A recent study by Northeastern University in Boston attempted to determine how schools and parents could close the gap between what is expected by state testing and what’s expected by future employers. So what are the skills expected by employers? In the 2016 study referenced here, 80% of employers responding are looking for leadership skills. The second highest skill, at 79%, is that of communication.
I believe one of the benefits of having students in small classes is that they can experience leadership opportunities in a safe environment. Students have the opportunity to communicate with peers as they present reports and projects. It’s also why we emphasize writing so heavily -- to ensure students have a solid grasp on written communication.
At home you can ask your child why or how they are doing something. Give them the time to explain it completely, allowing them time to revise their sentences as needed. It’s valuable to do this both orally and in written form. Encourage them to write notes of thanks or apology (even to siblings), a diary, or a journal. As older children learn a skill, give them the opportunity to teach that skill to younger children. At school we reinforce these skills by partnering older students with younger students as reading buddies, but you can do the same at home.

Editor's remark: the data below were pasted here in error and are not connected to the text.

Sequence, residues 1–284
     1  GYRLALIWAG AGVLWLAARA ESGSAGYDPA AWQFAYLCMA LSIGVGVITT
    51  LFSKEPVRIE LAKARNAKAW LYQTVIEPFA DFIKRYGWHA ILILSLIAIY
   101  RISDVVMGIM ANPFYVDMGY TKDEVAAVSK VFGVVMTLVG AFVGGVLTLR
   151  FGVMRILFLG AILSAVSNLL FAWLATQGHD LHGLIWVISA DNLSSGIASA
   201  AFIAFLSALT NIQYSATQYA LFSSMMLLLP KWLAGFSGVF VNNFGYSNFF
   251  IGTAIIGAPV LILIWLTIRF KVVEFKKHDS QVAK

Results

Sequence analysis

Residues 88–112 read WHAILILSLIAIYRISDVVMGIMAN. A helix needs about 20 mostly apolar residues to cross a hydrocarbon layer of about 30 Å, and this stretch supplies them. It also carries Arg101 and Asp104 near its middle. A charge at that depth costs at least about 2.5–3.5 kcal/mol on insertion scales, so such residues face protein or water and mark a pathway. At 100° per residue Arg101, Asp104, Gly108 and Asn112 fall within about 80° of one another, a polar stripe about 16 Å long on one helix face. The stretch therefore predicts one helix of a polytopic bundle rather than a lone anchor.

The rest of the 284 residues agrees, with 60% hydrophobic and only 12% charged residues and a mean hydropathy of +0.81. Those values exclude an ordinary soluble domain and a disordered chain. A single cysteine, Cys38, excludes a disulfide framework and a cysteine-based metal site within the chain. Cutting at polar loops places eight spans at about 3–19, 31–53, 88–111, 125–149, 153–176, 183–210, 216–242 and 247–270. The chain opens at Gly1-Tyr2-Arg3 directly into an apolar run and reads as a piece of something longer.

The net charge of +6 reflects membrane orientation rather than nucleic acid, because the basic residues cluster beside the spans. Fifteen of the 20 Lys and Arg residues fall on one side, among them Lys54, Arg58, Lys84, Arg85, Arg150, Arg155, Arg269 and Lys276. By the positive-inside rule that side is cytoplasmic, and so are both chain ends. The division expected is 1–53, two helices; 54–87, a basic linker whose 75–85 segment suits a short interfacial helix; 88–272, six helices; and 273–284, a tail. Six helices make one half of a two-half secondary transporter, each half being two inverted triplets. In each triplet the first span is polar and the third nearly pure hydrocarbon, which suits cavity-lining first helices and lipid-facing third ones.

We are all leaders in some area of our life and need to be prepared for that. As parents, you are leaders of your children. God has placed you in this position, and hopefully your children will someday be parent/leaders as well.
Blessings on your parenting,
Tim Miesner, Principal